Cork's historic Queen's Old Castle set for major redevelopment

Retail and office buildings up to seven-storeys proposed for key city centre site 
Cork's historic Queen's Old Castle set for major redevelopment

According to the planning documents, the new scheme has been designed around retaining the original traditional facade as well as retaining an element of the ground floor retail function. Image: Model Works

New plans for the redevelopment of Cork City’s historic Queen's Old Castle building have been lodged with Cork City Council.

Under the proposals, a range of conservation, demolition, refurbishment and alteration works will take place to allow for the construction of a retail and office development up to seven storeys in height.

Located in the heart of the city centre, the former department store has been occupied by a range of different retailers in recent years. The owners of the building Clarendon Properties now propose a major redevelopment of the site that will keep the building's facade and a number of internal elements. 

If approved and constructed, the development will provide 9,728 square metres of office space and 123 square metres of retail. The developers said the proposed office space will be designed to be suitable for a single user or multiple users with subdivisions of the space.

The Queen's Old Castle department store was originally built in the 1840s. It closed in 1978 and was briefly occupied by a Penneys store before it was redeveloped as a shopping centre in 1980. It was acquired by Clarendon who converted it into two large retail units.

A previous planning application from Clarendon, through City Properties (Cork) Ltd, was granted permission in October that would have allowed for a more modest redevelopment of the site.

According to the planning documents, the new scheme has been designed around retaining the original traditional facade as well as retaining an element of the ground floor retail function. 

"The status quo of keeping the building as it is - is simply unacceptable and if maintained will lead to an extremely disappointing situation for Ireland's second city for which there is a national level aspiration to double in size in order to counterbalance the Dublin-centric approach to development," the documents state.

"To be taken seriously as a city we need scale and it is developments such as this that will help to realise the vision for Cork and its city centre to become a sustainable urban destination and thrive as the economic engine of the region."

In pre-planning discussions with the City Council, planners said the current proposal was a "significant improvement" on the previous proposal. They also said the various building heights, a mix of three-storey, four-storey, six-storey and seven-storey and their set-back nature would work well on the site.

The planning documents also highlight the necessity of placing jobs and employment in areas that are well connected by public transport. "If this has any chance of happening then reducing car dependency is key - the proposed development will contribute to the achievement of a compact city centre in a highly sustainable area of the city, with transportation modes in favour of walking, cycling and use of public transport."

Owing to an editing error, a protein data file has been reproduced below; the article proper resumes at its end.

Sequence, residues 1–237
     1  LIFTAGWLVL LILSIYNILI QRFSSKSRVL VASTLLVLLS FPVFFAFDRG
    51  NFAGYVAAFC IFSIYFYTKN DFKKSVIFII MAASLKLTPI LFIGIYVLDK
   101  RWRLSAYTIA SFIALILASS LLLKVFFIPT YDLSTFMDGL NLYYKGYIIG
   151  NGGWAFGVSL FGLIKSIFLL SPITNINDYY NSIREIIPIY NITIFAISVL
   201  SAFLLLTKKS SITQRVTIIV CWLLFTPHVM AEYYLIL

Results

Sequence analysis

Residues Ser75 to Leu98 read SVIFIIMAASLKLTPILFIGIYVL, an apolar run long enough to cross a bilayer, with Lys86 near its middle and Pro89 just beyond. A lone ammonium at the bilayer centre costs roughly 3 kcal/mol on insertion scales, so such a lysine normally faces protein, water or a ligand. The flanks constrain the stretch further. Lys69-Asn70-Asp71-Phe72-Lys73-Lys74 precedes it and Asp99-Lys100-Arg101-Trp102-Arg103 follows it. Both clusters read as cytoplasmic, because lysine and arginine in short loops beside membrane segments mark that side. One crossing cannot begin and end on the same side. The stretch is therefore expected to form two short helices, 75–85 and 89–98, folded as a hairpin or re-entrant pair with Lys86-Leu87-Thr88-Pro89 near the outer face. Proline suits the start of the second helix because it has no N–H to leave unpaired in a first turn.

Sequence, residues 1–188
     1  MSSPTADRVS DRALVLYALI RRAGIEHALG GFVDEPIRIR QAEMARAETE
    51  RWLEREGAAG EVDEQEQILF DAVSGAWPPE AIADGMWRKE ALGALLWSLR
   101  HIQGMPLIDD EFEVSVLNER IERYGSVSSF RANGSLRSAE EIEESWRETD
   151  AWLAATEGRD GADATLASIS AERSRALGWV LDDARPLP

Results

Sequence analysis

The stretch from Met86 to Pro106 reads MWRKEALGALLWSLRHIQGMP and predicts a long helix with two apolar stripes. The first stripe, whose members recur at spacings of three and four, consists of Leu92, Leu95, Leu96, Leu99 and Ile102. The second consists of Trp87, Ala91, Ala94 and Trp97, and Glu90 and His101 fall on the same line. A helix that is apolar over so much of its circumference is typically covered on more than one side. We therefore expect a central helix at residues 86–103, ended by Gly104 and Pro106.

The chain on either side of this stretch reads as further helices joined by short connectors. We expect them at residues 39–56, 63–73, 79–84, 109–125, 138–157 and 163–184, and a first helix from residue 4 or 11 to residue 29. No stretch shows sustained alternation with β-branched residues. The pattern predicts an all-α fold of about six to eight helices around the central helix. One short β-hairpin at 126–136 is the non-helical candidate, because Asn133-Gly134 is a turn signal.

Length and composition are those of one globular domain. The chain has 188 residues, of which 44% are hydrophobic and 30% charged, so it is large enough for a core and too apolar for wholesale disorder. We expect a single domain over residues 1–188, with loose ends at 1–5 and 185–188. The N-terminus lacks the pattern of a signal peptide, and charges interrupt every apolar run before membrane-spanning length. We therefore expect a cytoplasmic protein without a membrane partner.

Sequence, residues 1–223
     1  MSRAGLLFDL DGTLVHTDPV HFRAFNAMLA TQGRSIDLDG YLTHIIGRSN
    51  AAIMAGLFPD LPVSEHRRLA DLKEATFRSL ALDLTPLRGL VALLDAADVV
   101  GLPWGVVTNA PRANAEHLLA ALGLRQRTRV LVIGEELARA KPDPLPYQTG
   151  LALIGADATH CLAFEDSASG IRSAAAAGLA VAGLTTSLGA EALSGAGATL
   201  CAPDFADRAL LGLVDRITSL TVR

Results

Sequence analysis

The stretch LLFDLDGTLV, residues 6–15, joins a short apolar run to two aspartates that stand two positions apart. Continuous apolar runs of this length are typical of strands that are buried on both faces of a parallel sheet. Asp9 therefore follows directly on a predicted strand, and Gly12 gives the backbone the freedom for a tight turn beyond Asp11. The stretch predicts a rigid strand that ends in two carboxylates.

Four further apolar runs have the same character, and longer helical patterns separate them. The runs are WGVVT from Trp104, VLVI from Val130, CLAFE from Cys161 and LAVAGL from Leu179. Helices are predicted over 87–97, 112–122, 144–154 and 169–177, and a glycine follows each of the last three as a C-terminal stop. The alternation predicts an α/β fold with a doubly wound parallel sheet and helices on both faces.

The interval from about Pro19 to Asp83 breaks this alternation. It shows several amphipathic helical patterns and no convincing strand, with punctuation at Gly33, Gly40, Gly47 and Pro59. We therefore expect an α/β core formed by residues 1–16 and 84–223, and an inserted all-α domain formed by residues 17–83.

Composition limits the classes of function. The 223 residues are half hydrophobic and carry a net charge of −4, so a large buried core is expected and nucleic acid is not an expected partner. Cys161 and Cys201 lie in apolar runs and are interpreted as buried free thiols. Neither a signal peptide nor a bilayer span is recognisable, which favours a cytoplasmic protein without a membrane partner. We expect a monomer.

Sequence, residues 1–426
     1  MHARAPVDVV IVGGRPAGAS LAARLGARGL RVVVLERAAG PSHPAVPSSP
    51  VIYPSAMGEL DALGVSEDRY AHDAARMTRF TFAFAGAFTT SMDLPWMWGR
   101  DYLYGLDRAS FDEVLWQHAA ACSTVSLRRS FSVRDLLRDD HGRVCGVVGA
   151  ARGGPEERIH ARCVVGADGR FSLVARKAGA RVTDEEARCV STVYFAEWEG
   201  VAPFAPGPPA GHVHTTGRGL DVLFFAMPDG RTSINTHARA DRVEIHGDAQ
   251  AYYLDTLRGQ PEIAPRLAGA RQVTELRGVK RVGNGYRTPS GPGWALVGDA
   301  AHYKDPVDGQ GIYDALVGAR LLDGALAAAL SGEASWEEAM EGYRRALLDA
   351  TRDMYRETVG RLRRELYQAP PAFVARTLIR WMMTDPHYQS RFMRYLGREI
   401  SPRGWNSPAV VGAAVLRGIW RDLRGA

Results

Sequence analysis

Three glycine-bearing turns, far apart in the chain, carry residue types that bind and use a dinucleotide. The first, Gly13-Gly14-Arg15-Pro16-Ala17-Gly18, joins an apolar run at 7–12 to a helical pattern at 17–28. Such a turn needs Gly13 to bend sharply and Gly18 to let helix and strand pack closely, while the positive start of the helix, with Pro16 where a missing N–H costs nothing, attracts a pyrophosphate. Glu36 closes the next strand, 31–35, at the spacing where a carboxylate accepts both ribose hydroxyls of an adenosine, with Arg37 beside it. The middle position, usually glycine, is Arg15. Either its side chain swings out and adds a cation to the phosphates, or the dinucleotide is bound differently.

"Employment in the outskirts of the city and in district centres are of course positive but they do no support the key retailers in the city and the strong hospitality food and beverage sector which is a key component to every successful city. 

A computer-generated image of the planned  development. If approved and constructed, the development will provide 9,728 square metres of office space and 123 square metres of retail. Image: Model Works
A computer-generated image of the planned  development. If approved and constructed, the development will provide 9,728 square metres of office space and 123 square metres of retail. Image: Model Works

"Ensuring the city centre has a critical mass of visitors, tourists and employees is absolutely crucial not only in these uncertain times but also in general as a public transport hub the city is accessible from all key settlements and as such it is the most sustainable place to locate employment."

The architect for the Queen's Old Castle development is O'Mahony Pike led by Conor Kinsella, planners are Butler O'Neill led by Clara O'Neill and engineers are Arup. A planning decision on the application is expected by the end of September.

Clarendon owns a number of key properties across Cork. In a partnership with Bam, they recently developed the Dean Hotel near Kent railway station and the adjacent office block on Horgan's Quay.

They also own the Wilton and Merchant's Quay shopping centres with planning permission in place for their redevelopment. 

In June, Clarendon lodged a fresh planning application to reconfigure the internal layout of the historic Savoy building, significantly enlarging the former Quills store, incorporating some of the smaller units that were located within the centre. A decision on that application is expected later this month.

More in this section

Lunchtime
News Wrap

A lunchtime summary of content highlights on the Irish Examiner website. Delivered at 1pm each day.

Sign up
Revoiced
Newsletter

Some of the best bits from irishexaminer.com direct to your inbox every Monday.

Sign up